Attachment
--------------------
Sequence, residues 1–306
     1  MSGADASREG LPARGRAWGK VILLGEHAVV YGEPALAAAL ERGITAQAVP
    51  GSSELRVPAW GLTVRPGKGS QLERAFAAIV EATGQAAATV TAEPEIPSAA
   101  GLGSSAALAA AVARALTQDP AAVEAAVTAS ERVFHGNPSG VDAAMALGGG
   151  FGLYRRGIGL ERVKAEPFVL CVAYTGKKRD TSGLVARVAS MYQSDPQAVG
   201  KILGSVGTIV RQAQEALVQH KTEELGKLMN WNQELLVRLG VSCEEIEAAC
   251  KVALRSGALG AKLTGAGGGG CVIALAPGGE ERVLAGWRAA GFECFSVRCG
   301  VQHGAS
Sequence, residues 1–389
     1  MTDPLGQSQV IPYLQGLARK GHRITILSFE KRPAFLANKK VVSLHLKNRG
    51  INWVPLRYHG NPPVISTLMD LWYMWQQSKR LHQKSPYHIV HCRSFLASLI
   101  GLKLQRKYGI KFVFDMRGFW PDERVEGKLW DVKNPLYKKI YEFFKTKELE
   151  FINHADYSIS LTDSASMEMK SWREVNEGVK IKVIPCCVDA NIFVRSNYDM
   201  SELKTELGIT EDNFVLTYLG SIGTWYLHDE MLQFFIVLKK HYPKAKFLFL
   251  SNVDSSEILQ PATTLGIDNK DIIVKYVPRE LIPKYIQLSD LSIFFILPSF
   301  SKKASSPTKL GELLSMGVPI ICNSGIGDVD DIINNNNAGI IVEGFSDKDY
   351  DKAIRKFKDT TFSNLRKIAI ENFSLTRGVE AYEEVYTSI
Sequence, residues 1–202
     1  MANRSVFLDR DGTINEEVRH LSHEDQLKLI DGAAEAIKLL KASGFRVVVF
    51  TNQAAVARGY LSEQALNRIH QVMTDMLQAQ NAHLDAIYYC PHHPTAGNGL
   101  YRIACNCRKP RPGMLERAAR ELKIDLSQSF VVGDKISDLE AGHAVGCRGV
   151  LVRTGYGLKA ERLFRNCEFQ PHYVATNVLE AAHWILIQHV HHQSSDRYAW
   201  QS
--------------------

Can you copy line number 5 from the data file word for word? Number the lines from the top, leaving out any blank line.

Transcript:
   151  FGLYRRGIGL ERVKAEPFVL CVAYTGKKRD TSGLVARVAS MYQSDPQAVG